The action, as it unfolds over a single hectic night in DC, has intricacy rather than complexity. Langdon imagines he has been summoned to give a lecture in the Capitol building, whose all-pervasive Masonic iconography gets a thorough going-over. In fact he has been lured to the city by "Mal'akh", a shaven-headed, tattooed – and self-castrated – villain who seems to have barged in from the latest James Bond set. He needs Langdon to decipher the meaning of a small pyramid adorned with occult signs, whose layer-upon-layer decrypt keeps our hero occupied. The CIA, needless to say, also wants to know these secrets. In the pocket-sized "off-the-chart IQ" shape of its security queen Inoue Sato, the agency has its own grim ways of solving the clues.
Meanwhile, our brooding baddie has kidnapped Langdon's mentor, and Katherine's big brother, Peter Solomon. This super-rich scholar (shades of Leigh Teabing in the Code, but much nicer) and upfront Mason has reached not the third but 33rd degree of initiation. Katherine, by the way, runs her own hush-hush lab in the bowels of the Smithsonian museum. There, in a purer and sillier SF vein, she experiments with "noetic" mind-over-matter science that aims to convert the collective power of human thought into a mighty physical force, "like a flock of birds, or a school of fish moving as one".
Plenty of furious Brownian motion ensues, with a shoal of red herrings, a pack of shaggy dogs and a maze of false trails. Significantly, this intellectual sprint to read the "map" of occult Washington switches between a quest for real locations and messages and a study of the "purely symbolic" meanings of Masonic lore. Strip out the fun and fancy from this entertaining, overblown romp and you glimpse a critique of the dogged literalism that bedevils so many Dan Brown acolytes.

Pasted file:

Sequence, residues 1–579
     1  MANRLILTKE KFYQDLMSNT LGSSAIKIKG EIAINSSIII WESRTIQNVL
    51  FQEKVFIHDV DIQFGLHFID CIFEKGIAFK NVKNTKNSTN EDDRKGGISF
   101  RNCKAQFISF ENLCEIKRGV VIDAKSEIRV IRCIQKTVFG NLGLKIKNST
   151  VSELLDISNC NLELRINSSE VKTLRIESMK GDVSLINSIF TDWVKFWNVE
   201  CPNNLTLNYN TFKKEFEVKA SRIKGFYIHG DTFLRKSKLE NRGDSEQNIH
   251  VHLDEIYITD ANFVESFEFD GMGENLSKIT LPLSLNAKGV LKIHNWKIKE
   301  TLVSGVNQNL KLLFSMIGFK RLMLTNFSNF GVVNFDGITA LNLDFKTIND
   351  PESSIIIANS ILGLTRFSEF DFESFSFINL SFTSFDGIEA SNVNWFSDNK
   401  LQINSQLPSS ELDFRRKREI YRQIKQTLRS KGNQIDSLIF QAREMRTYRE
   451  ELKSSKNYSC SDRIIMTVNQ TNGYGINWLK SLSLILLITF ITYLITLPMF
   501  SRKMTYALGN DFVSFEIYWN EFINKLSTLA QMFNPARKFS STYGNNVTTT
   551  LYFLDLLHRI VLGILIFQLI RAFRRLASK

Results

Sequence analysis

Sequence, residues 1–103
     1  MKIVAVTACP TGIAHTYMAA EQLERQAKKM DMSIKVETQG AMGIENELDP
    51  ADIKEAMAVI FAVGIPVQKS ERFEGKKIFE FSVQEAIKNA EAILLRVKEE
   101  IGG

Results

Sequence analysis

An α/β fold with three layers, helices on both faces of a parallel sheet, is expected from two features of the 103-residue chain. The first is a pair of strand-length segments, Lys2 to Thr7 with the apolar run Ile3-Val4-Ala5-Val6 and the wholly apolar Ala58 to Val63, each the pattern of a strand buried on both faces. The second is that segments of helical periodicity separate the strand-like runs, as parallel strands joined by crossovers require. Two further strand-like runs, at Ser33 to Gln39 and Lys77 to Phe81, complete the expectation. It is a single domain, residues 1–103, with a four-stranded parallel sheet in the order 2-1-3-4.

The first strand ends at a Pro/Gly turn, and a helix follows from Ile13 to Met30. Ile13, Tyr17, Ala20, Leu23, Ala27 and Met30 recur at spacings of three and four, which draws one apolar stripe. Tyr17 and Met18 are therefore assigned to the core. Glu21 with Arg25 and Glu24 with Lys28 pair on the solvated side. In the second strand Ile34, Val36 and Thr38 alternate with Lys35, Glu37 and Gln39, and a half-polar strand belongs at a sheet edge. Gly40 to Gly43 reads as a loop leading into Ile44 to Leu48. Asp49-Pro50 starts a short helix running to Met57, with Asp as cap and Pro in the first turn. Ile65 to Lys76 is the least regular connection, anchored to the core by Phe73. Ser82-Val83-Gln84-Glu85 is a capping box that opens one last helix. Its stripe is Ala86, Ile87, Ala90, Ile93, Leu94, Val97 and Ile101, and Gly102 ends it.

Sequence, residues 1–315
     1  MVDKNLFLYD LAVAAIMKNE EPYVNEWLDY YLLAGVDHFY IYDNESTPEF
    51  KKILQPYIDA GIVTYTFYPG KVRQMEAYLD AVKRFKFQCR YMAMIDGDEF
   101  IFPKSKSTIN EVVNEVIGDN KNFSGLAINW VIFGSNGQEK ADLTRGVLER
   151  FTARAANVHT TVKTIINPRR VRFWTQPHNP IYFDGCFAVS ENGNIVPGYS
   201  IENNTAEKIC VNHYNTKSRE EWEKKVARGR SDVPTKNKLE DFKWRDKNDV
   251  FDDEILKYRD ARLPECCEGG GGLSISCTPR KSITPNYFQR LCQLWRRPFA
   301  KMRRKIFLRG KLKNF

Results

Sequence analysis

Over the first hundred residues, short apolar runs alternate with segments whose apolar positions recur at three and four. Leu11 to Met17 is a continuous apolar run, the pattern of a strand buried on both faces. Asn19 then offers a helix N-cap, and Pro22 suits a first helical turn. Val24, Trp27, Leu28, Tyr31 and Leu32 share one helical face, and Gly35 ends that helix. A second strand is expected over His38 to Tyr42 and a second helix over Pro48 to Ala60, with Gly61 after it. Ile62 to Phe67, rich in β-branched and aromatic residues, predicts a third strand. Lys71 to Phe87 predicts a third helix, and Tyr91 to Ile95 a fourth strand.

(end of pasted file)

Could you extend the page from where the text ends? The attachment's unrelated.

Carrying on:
"I've had a feeling," Langdon sighs at one point, "we're treating as reality a collection of myths and allegories." He views the notion of ancient wisdom about forgotten human powers locked in some "Masonic Pyramid" as "an 'archetypal hybrid' – a blend of other classic legends, borrowing so many elements from popular mythology that it could only be a fictional construct... not historical fact". Talk about a book that knows how to read itself.
As for the awesomely dumb Mal'akh, he comes across as the Brown fan from hell. He will imprison, torture and kill to find out that ever-elusive nugget of hermetic lore beyond the final veil. The paranoid reader incarnate, forever sniffing out "circles within circles", our eunuch avenger hides a (not terribly surprising) family shame of his own as he barrels his way towards "this country's greatest untold secret". Although we run a gamut of favourite flaky allusions – Isaac Newton the alchemist, the Rosicrucian Order, Albrecht Dürer's mystic numerology, even the coded references within James Sanborn's "Kryptos" sculpture at the CIA headquarters– every box of esoteric knowledge in The Lost Symbol opens to reveal not a treasure so much as a mirror.
The truth, in proper Masonic or even New Age fashion, turns out to lie within – and all around. This becomes a tale of mind over mystery as well as mind over matter. Which means that the denouement delivers both a stiff dose of non-sectarian uplift and, for sensation-seekers, less delight than they might hope. That might be Brown's point.
True, the splendidly nutty motif of Katherine's research into the power of shared mental states allows for some gold-plated mumbo-jumbo that links ancient mythology with modern cosmology. "The same science that eroded our faith in the miraculous," she gushes, "is now building a bridge back across the chasm it created". As for the Masonic theme, it dwindles into a multi-faith yearning for "a single universal consciousness". Our aproned brothers "on the square" figure as the unlikely harbingers of a rainbow-hued fraternity. Even Google, Twitter and Wikipedia take a bow as messengers of an enlightened age of togetherness, "multiple minds working in unison".
All this may look dull to the conspiratist brotherhood, but it sounds bonkers only in the most innocuous manner. Brown's final tricks – more sugary than sinister - also help to justify his own success. When do we ever see evidence of a "synchronicity of beliefs" that draws people of all creeds together with a single mind? Since Potter's passing, only Brown himself can perform that global alchemy with the printed word.
The Lost Symbol not only talks – at sometimes wearying length - about the wired world as "a big entangled web of information" that will let us live in mystic (or even Masonic) oneness. Hyped, sold and consumed across the planet, it offers itself as a foretaste of that very unity. The medium becomes the message. Reader, don't fret that this book never quite unlocks the ultimate secret of enlightenment. For better or worse, you hold it in your hands.Reuse content